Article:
50th NOG changes command

50th NOG changes command

Col. Jennifer Grant, commander of the 50th Space Wing, hands the 50th Network Operations Group guidon to Col. Hewett Wells, new commander of the 50th NOG, during a change of command ceremony at Schriever Air Force Base, Colorado, June 29, 2018. Wells previously served as director of command, control, communications and computer systems and chief information officer support at U.S. Cyber Command. (U.S. Air Force photo by Dennis Rogers)

50th NOG changes command

The High Frontier Honor Guard performs during the 50th Network Operations Group change of command ceremony at Schriever Air Force Base, Colorado, June 29, 2018. During the ceremony, Col. Hewett Wells assumed command of the group from outgoing commander, Col. W. Scott Angerman. (U.S. Air Force photo by Dennis Rogers)

SCHRIEVER AIR FORCE BASE, Colo. -- The 50th Network Operations Group welcomed new leadership during a change of command ceremony at Schriever Air Force Base, Colorado, June 29.

Col. Hewett Wells assumed command of the group from outgoing commander, Col. W. Scott Angerman.

Col. Jennifer Grant, commander of the 50th Space Wing, presided over the ceremony.

“Today is a significant day marking the change of command for one of only two network operations groups in the Air Force,” Grant said.

The group’s change of command came on the same day as its historic support of the successful launch of CRS-15, a SpaceX Falcon 9 mission sending supplies to the International Space Station.

Wells joins the 50th NOG after serving as director of command, control, communications and computer systems and chief information officer support at U.S. Cyber Command.

“It is an honor and privilege to be the new commander,” Wells said. “It is an exciting time to be in this business, defending and operating in and through space and cyberspace. I recognize that I stand on the shoulders of others here. I will work diligently to build on the accomplishments of my predecessors and continue to advance the NOG.”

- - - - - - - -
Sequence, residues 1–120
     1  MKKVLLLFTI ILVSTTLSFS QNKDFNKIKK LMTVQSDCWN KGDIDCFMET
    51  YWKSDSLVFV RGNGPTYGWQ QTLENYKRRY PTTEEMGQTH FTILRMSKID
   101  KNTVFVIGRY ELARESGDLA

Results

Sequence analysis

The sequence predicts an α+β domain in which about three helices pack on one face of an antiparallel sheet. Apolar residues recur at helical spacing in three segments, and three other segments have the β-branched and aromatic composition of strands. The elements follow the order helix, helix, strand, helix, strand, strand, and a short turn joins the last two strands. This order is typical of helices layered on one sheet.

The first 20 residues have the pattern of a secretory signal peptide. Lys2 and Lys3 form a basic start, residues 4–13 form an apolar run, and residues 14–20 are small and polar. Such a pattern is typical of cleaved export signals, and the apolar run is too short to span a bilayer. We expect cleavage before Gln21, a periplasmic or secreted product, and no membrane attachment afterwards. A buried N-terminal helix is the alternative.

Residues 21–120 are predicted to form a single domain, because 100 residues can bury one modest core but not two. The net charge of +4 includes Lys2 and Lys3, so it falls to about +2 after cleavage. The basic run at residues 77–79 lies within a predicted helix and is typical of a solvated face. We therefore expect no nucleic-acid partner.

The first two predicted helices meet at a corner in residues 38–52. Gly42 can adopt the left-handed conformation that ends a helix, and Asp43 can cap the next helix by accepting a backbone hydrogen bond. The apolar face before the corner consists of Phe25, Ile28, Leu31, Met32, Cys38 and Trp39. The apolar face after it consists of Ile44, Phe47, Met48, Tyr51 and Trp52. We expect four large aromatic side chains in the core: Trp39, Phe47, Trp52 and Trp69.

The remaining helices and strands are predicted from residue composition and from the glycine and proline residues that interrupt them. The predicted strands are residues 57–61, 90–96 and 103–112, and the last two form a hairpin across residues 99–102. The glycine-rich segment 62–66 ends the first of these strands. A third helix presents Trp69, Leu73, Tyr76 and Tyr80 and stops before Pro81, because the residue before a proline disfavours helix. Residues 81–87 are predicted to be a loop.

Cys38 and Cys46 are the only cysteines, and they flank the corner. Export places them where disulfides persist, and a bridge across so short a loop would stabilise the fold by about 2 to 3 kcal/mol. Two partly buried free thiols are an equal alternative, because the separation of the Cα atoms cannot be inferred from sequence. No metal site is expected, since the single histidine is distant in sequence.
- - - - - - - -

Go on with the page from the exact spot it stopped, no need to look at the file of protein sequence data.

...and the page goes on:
Wells also hopes to leverage his experience at his last assignment in his new job.

“Having served the past three years at U.S. Cyber Command, I’ve seen firsthand how the department has transitioned from cyberspace support to kinetic operations to now cyberspace operations and effects across the spectrum of conflict,” Wells said. “We must prepare to sustain space effects in a contested environment and throughout the spectrum of conflict.”

Grant highlighted three unique challenges the commanders within the 50th SW face: leadership, performance and sacrifice.

“Our leadership is stretched in varying degrees,” she said. “Our performance is required to be elevated in ways we may not have anticipated; and the level of sacrifice we and our families bear is significantly different as you move up the different levels of command.”

Grant also pointed out several of the 50th NOG’s accomplishments under Angerman’s command.

“Our mission runs 24/7, 365,” Grant said. “Col. Angerman and his team have been there and met the mission requirements every single time. In February, we had one of the biggest efforts we’ve ever executed here with regard to troop movement and relocation for power work, involving more than 60 systems, more than 1,300 circuits and numerous external organizations that all had to be synchronized. We had zero mission impacts. The NOG has also been engaged with 58 successful launches.”

Angerman reflected on his tenure as commander.

“There’s no other base like Schriever Air Force Base,” Angerman said. “Space power begins here. This is the best space and cyberspace operations group in the Air Force. We operate worldwide in 12 different time zones, which is what makes the 50th Space Wing a global wing.”

After receiving the Legion of Merit, Angerman deferred praise to the 50th NOG Airmen.

“The NOG has been busy over the last two years,” he continued. “We’ve focused on and reconstituted our geographically separated units. We’ve supported record-setting satellite contacts and a blistering launch support pace. I really couldn’t be prouder of all the NOG’s accomplishments.”

Wells concluded the ceremony by affirming his desire to lead the group into the future.

“I look forward to learning from the men and women of the NOG and building relationships and partnerships with the wing and Team Schriever to help advance the wing mission,” he said.